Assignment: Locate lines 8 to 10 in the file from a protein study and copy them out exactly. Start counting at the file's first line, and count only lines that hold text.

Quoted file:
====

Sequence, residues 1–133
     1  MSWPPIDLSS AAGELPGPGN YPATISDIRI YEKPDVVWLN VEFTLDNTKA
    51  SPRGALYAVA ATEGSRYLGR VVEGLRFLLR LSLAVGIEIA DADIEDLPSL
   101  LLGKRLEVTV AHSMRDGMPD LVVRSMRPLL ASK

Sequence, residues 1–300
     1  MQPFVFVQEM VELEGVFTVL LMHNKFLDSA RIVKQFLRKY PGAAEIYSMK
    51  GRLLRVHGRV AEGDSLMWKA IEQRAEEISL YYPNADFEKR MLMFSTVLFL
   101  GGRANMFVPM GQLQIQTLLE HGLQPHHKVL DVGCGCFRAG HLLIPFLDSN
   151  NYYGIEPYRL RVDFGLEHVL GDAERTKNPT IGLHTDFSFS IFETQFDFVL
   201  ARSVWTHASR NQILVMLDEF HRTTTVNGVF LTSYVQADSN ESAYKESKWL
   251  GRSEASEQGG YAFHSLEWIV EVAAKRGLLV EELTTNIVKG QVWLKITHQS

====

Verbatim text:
   101  GGRANMFVPM GQLQIQTLLE HGLQPHHKVL DVGCGCFRAG HLLIPFLDSN
   151  NYYGIEPYRL RVDFGLEHVL GDAERTKNPT IGLHTDFSFS IFETQFDFVL
   201  ARSVWTHASR NQILVMLDEF HRTTTVNGVF LTSYVQADSN ESAYKESKWL